“Today’s vote is a historic victory for all the people who call the Delaware River Basin home and drink the clean water that flows from the Catskills to the Delaware Bay. No longer will they face the threats of water pollution, air pollution, and the disease that comes with fracking. As the Delaware River Basin Commission advances regulations regarding fracking wastes and water withdrawals, we will fight to ban those activities as well; the best way to protect the Basin against fracking’s impacts is to prevent them. Catskill Mountainkeeper has been fighting for this day for over a decade, and we’re not alone. We’ve been fighting alongside tens of thousands of individuals, and hundreds of organizations to keep the dirty, dangerous oil and gas industry out of the Basin. These advocates have persevered against long odds and shown up in every way–at  hundreds of community meetings, hearings, rallies, canoe protests, and in four state capitals to make today a reality,” said Wes Gillingham, Associate Director, Catskill Mountainkeeper.

“The Commissioners listened to the people and to the science in making this historic move. We thank them for taking a stand to protect the basin from unconventional drilling and the practices surrounding it,” said Karen Feridun, Founder, Berks Gas Truth in Pennsylvania.

“In a win to protect the Delaware River, the DRBC voted to ban fracking. This historic vote means that fracking can no longer take place in the Basin. This ban will protect the drinking water for 15 million people and thousands of acres of forest from fracking wells. It also means that there won’t be pipelines built to take that gas to the market, protecting even more land and water. This is the first step towards a full ban,” said Jeff Tittel, Director of the New Jersey Sierra Club. “Today they took an important step forward, and we are glad that they have committed to a full ban. We’ll be glad to work with them to do additional rules to ban the treatment and dumping of fracking wastewater in the Basin or taking water for fracking elsewhere. This will help protect public health and the River from more contamination.”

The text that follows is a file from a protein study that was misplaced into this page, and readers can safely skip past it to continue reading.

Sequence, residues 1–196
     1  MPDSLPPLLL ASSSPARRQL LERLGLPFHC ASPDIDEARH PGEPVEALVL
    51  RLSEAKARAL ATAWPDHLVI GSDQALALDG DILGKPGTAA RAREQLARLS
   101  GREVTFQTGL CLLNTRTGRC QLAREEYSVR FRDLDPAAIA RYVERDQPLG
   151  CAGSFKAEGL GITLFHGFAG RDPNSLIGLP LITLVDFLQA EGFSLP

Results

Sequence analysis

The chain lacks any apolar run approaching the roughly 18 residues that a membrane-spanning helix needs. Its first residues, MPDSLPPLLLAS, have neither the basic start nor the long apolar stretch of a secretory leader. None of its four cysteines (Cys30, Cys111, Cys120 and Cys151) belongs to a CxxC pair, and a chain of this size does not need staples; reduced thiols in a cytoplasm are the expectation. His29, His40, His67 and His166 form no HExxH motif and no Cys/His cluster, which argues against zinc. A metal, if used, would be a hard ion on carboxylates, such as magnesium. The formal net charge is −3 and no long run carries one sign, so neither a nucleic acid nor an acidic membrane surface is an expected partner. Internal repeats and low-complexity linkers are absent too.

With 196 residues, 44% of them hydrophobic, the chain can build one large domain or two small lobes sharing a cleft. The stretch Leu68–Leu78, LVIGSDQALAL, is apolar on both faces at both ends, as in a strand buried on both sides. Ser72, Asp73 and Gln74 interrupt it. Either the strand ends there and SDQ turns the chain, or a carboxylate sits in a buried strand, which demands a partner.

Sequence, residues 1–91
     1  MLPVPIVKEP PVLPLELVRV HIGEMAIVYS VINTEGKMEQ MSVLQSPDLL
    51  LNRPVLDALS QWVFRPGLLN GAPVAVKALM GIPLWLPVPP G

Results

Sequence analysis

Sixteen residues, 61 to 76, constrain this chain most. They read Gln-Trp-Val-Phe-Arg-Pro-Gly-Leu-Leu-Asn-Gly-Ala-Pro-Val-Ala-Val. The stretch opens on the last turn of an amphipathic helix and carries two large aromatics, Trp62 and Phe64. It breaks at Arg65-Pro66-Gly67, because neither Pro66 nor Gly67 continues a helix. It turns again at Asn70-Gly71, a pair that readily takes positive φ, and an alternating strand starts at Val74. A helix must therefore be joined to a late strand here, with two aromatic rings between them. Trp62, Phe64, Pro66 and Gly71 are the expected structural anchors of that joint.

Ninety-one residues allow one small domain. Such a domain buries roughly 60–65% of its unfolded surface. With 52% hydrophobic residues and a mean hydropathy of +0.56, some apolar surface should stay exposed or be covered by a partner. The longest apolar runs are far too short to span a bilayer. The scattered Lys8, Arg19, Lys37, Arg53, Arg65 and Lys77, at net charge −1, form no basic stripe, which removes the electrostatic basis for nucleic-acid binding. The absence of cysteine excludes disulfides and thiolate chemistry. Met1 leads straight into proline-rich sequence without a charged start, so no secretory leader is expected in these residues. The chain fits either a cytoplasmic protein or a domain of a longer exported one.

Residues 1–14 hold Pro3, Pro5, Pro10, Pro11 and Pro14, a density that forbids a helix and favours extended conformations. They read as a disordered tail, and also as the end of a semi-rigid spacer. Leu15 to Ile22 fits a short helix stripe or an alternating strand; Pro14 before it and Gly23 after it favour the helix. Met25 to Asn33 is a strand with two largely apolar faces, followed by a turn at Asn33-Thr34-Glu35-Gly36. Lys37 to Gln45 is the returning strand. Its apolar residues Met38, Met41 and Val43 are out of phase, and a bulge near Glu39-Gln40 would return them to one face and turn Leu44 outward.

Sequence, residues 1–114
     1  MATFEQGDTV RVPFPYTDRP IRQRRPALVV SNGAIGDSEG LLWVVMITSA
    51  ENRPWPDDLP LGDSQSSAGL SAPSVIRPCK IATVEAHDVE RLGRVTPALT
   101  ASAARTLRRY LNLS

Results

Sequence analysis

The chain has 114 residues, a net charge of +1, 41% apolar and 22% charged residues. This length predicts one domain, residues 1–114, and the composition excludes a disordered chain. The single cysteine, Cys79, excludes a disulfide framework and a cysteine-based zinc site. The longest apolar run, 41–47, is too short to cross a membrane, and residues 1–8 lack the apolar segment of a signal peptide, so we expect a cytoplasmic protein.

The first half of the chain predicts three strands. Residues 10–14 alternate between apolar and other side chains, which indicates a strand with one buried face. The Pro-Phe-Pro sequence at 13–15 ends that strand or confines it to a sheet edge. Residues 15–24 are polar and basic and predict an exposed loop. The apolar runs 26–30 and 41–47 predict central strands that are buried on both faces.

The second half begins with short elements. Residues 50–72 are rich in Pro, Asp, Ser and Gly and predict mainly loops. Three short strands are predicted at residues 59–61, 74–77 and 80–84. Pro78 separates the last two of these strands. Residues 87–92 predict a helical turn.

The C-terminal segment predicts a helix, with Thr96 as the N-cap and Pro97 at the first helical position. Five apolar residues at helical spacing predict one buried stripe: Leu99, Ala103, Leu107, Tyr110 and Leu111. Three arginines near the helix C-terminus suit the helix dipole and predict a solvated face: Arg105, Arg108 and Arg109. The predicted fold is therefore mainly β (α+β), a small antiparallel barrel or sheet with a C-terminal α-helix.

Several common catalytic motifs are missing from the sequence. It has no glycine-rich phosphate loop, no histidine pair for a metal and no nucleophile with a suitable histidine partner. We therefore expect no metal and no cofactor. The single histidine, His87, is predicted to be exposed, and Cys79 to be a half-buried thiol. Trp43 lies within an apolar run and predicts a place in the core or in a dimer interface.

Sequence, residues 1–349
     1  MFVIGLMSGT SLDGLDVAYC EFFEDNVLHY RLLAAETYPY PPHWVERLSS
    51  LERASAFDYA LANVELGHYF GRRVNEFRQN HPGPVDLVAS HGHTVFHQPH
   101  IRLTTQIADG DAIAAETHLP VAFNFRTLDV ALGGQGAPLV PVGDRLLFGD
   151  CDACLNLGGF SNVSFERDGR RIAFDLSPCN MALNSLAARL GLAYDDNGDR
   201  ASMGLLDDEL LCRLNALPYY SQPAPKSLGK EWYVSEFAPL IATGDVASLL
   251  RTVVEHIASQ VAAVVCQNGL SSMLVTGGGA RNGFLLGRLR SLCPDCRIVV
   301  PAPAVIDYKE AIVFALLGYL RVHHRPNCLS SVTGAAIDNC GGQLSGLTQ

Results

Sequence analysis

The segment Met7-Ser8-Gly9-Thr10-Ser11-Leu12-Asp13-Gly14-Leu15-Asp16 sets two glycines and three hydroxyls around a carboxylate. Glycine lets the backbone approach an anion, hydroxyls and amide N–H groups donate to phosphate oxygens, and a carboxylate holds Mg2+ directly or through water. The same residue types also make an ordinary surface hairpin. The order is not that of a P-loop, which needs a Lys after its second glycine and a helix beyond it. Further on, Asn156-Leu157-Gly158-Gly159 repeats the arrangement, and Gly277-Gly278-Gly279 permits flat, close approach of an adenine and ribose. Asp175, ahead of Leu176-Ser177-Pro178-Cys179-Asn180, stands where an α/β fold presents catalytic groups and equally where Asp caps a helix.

“This has been an epic battle engaged by a huge, diverse, well-informed and united watershed community. The outcome is historic because the Delaware River Watershed is preventing pollution and degradation by their forthright precautionary action to ban fracking and begin the next step towards a full ban by the adoption of regulations that will ban the import of wastewater from fracking and the export of water to fuel fracking’s destruction elsewhere. These next steps put us on the road to a full and powerful defense against the toxic and radioactive pollution that inextricably comes with fracking and allows the Delaware to provide clean drinking water to 17 million people who rely on the river’s flows. We will fully engage in the coming months in the rulemaking process to achieve a full ban on fracking for the sake of all our communities, human and nonhuman,” said Tracy Carluccio, Deputy Director, Delaware Riverkeeper Network.

“The Commission’s decision to keep dirty fracking operations out of the region is a decade in the making, and represents a major victory for the grassroots anti-fracking movement and everyone who depends on the Delaware River for their drinking water,” said Eric Weltman, New York-based Senior Organizer with Food & Water Watch.

“The fracking ban in the Delaware River Basin is a momentous victory for public health, the environment, and against climate change,” said Kimberly Ong, Senior Attorney at NRDC (Natural Resources Defense Council). “The Basin supplies drinking water to millions of people, and adopting a ban on harmful fracking-related activities is necessary to further protect the health of the communities and the watershed.”

“We thank the Governors for fulfilling their promise to protect the Delaware River Basin and all those who depend on a clean river for the health of their families, their environment and their jobs,” said Coralie Pryde, League of Women Voters of Delaware.

B. Arrindell, Director of Damascus Citizens for Sustainability responded to the DRBC banning frack drilling and arranging to ban the import of frack waste into the Basin and the export of water for fracking elsewhere, by saying that, “We’re so glad that the DRBC is fulfilling its reason for existence – protecting the the Basin from contamination. Frack drilling and related waste create permanent pollution and impact human and environmental health – impacts that the Basin will avoid with this precautionary move. DCS is proud of the governors that voted for this.”